Skip to main content

Despite New Funding, Few Docs Discuss Advanced Care Planning

Analysis  |  By Debra Shute  
   April 28, 2016

Physicians are now reimbursed for end-of-life talks, but most still avoid the conversation. Formal training and systems may go a long way toward making advance care planning not just best practice, but standard practice.

Since Jan. 1, 2016, physicians have been able to bill Medicare for time spent discussing patients' wishes and goals for end-of-life care. Unfortunately, though most physicians say they support advanced planning conversations, most physicians avoid them.  

Despite the silly talk of "death panels" and other empty political controversies surrounding advance-care planning when the Congress was debating the Affordable Care Act, physicians' associations overwhelmingly supported the historic provision in the Centers for Medicare & Medicaid Services (CMS) 2016 final rule allowing payment for these conversations.

As of early spring, however, only 14% of a national sample of physicians who regularly see patients age 65 and older had conducted and billed for these talks, according to a poll jointly released by the John A. Hartford Foundation, the California Health Care Foundation, and the Cambia Foundation. Representatives from the three organizations presented their results during an April 14 webinar.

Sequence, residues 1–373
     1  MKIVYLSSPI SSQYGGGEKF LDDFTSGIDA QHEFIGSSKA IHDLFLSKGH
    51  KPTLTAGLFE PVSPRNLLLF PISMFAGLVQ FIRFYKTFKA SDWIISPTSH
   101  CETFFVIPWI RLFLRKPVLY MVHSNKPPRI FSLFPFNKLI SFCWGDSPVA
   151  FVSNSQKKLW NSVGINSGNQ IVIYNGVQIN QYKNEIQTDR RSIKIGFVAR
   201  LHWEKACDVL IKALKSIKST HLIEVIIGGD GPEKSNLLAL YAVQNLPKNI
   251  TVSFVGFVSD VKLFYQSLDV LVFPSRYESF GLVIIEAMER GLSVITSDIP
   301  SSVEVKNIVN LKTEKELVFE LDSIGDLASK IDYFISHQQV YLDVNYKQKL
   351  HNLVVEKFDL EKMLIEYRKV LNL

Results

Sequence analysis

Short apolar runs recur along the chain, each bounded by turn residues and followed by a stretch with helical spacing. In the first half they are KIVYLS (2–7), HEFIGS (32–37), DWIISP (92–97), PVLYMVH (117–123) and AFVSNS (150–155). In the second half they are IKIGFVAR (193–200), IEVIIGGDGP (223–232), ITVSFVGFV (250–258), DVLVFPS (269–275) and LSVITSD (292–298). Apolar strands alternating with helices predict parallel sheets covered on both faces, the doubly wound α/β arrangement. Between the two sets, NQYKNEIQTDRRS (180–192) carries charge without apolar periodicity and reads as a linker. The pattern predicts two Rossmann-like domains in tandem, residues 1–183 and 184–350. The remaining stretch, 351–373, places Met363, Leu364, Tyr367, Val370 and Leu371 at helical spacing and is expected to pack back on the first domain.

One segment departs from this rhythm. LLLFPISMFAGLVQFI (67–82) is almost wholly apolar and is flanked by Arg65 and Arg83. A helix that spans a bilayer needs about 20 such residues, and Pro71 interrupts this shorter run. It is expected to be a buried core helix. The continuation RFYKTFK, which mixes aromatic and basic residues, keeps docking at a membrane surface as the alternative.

This research is a rare attempt to quantify physicians', rather than patients', personal motivations and concerns surrounding the issue. "It is a pretty big investment to do a survey of physicians if you want to do it right and with robust methodology which we did," says Tressa Undem, a partner at PerryUndem Research/Communication. "This is not the type of survey you see every day."

'Huge Disconnect'

Tony Back, MD, co-director of the University of Washington's Cambia Palliative Care Center of Excellence and executive director of Vital Talk, says a key takeaway from the study is the "huge disconnect" between the beliefs and actions of the same 736 physicians who said conversations about advance care planning were important (99%) and that it was their responsibility (75%), and not a family member's or another clinician's.

Barriers to end-of-life conversations identified in the study included:

  • Lack of time amidst competing priorities
  • Disagreements between patients and their families
  • Uncertainty about when to broach the subject
  • Fear of discomfort
  • Concern the conversation would be conflated with giving up

Training Is Paramount

Back said that the results pointed mostly to physicians' reluctance to engage in these challenging conversations.

"Those [barriers], to me, are proxies of lack of skill," he says. "The physician hasn't learned that you can break up the conversation into little chunks… how to deal with families who don't agree… [how to] deal with the issue of whether the time is right, because actually, the time is never right."

These difficulties can be diminished with training, but only 29% of the physicians surveyed have received training. The minority of physicians who've had formal training in advance care planning and end-of-life talks are the ones more likely to conduct them.

Moreover, physicians who report having explicit training in end-of-life conversations are more likely (46%) to find conversations about end-of-life care to be rewarding than those who have not (30%), and also say they feel unsure about what to say in these conversations "rarely or not too often" (60%), compared to those who have not had explicit training (52%).

Physicians who have had such talks with their own doctors also appear to be significantly more comfortable with conducting them, according to the data.